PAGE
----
WANTED: MALE REPORTERS

Female Prowl columnist says: "I implore male writers to take journalism into consideration."

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Lauren Lejeune

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WANTED: MALE REPORTERS

Prowl adviser Mr. Vin Cappiello is flanked by the female members of the Prowl staff. Since this photo was taken, two males have joined the formerly all-female staff.

Prowl adviser Mr. Vin Cappiello is flanked by the female members of the Prowl staff. Since this photo was taken, two males have joined the formerly all-female staff.

Aidan Hunt

Prowl adviser Mr. Vin Cappiello is flanked by the female members of the Prowl staff. Since this photo was taken, two males have joined the formerly all-female staff.

Aidan Hunt

Aidan Hunt

Prowl adviser Mr. Vin Cappiello is flanked by the female members of the Prowl staff. Since this photo was taken, two males have joined the formerly all-female staff.

ISO: Male reporters to join the dream team that is the journalism class. Job will include writing for the Prowl online newspaper, partaking in a buffet of Goldfish, sweets and coffee and being the only guy in a room full of female reporters. The ultimate job.

Since the journalism class was implemented at Powell High School at the beginning of the 2017-18 school year, the number of male reporters in the classroom has continuously dwindled until they disappeared completely. This is a problem for two major reasons: First, the amount of creativity that could be in the newsroom isn’t at its prime, and second, there’s absolutely too much estrogen in the classroom, which says a lot coming from a female reporter.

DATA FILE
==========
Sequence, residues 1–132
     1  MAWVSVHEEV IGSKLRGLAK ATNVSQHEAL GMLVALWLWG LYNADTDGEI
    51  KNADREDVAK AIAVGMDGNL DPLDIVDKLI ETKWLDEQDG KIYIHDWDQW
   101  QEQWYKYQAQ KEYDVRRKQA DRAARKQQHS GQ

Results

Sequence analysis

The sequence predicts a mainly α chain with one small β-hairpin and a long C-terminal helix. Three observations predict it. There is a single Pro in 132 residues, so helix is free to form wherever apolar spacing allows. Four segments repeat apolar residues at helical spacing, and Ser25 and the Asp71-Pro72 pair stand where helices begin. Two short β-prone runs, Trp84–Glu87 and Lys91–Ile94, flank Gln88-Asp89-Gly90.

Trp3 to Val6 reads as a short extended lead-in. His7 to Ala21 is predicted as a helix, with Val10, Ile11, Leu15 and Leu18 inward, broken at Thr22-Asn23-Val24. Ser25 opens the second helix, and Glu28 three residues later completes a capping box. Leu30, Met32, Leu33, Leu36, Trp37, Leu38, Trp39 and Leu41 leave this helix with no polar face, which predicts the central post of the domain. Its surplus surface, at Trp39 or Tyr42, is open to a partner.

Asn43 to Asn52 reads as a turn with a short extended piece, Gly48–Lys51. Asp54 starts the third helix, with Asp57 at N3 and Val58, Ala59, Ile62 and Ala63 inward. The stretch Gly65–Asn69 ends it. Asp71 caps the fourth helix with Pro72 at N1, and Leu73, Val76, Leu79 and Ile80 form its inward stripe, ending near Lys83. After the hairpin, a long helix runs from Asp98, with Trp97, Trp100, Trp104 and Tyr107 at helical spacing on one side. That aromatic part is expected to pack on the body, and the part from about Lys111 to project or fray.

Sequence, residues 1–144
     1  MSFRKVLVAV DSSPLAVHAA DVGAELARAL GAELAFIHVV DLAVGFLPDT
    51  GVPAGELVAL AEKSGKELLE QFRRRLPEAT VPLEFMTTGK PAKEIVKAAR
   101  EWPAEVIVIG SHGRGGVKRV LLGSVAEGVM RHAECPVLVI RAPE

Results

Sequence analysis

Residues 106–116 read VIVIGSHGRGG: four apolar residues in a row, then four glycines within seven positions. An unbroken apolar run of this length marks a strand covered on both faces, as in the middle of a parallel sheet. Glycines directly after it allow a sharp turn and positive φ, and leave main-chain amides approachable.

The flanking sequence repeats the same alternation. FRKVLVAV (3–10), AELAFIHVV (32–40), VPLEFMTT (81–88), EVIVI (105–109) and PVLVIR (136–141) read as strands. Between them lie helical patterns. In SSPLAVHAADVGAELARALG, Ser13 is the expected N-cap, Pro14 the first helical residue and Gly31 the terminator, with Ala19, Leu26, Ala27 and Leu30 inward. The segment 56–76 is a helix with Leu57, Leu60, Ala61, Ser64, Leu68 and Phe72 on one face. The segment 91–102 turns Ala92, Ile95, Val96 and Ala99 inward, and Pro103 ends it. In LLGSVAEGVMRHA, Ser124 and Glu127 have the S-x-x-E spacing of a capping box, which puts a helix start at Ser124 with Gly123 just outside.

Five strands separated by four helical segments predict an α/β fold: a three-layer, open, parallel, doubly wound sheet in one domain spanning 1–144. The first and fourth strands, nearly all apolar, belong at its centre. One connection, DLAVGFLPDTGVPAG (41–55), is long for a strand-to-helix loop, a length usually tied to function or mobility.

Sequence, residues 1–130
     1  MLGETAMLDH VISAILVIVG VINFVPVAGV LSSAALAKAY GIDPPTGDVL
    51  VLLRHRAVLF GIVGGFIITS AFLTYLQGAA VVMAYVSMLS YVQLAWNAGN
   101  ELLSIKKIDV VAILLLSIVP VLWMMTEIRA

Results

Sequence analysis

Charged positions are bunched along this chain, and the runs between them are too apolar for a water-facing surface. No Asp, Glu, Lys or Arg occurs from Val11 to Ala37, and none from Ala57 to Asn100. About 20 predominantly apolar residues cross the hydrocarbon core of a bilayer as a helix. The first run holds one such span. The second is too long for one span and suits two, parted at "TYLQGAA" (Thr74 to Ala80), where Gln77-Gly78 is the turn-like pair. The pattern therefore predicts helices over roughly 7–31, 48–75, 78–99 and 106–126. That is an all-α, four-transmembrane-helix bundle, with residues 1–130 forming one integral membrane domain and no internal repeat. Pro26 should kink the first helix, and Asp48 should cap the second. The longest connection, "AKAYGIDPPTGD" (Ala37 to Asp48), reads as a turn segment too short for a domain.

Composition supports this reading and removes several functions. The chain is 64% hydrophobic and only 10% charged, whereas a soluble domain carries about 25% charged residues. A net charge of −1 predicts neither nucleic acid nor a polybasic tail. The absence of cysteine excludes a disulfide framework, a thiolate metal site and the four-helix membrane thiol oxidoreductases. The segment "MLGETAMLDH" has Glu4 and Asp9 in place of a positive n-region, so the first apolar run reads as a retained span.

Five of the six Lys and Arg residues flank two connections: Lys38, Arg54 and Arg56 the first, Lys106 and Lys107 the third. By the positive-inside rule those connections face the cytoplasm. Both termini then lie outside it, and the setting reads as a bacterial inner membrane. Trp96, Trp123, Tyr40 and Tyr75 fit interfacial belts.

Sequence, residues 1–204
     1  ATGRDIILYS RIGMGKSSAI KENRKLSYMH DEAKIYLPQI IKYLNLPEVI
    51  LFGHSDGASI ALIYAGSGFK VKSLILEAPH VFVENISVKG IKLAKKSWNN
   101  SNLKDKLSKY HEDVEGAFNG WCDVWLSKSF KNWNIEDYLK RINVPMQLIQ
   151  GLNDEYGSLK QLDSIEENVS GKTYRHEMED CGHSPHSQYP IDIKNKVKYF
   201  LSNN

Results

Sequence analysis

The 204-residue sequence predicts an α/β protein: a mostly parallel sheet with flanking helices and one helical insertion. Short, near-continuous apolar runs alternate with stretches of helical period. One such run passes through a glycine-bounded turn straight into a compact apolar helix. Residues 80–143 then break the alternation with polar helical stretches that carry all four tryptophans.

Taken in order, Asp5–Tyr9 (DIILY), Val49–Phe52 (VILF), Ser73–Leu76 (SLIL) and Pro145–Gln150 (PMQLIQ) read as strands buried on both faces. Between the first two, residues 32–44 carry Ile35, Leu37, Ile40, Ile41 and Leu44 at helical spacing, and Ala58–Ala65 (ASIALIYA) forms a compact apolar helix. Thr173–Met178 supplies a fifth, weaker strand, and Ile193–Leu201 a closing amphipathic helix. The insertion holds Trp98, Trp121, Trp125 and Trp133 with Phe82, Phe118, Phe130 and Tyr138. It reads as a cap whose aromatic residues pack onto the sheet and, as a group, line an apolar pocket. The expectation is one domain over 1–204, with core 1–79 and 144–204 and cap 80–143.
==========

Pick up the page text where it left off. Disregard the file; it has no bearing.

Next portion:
“It’s pretty bland — women only bring certain things to the table,” said Prowl Editor Rachel Kuntz. “It’s pretty hard to find angles when we only have certain viewpoints on things that men might see differently.”

Our Powell High School counterparts (a.k.a. the Yearbook class) have a classroom plum full of boys and girls, a stark contrast to our testosterone-challenged newsroom. The yearbook students had differing views on their classmates and their work environment.

“I’ve never been in a class with all boys or all girls, so I don’t think it would change the dynamic,” said senior Kaelan Groves. “I don’t think it really makes a difference.”

“I think if it was all girls then we would get a lot of stuff done,” said sophomore Payton Asher. “I think some of the guys just like to mess around or just talk the entire time, so it just holds the group back.”

Boys, it’s time to leave the comfort zone and try something new, for your sake; but mainly for mine.”

— Prowl opinion editor Lauren Lejeune

Being in a group setting where different views and ideas can be shared helps the yearbook staff work well together.

“They [the boys] have a different view on certain stories,” said sophomore Jozi Simpson. “When I’m talking about a sport they see more of the scores and those kind of things while girls see emotions in a story. So when you’re writing like a newspaper or story you get both sides of the story.”

For the sake of the Prowl, and my sanity, I implore male writers to take journalism into consideration. It’s an environment to become a stronger writer, express yourself, share your writing with others and make new friends. You’ll acquire a permanent food baby if you enroll, because we take the best care of writers lest they starve to death from working up all that creativity. Plus, we watch Lord of the Rings on repeat, so you can’t exactly go wrong with that.

So if you’re ready to join the elite force of Powell High School’s journalists, we welcome you with open arms. We don’t bite (usually) and we know how to throw a party everyone wants invited to. Boys, it’s time to leave the comfort zone and try something new, for your sake; but mainly for mine.

(EDITOR’S NOTE: In the time it took you to read this column, two PHS senior boys — Aidan Hunt and Holden Wilson — have decided to test the estrogen-rich waters of the Prowl. As I throw them a metaphorical life preserver, I say, “Thank you … and good luck.”

 

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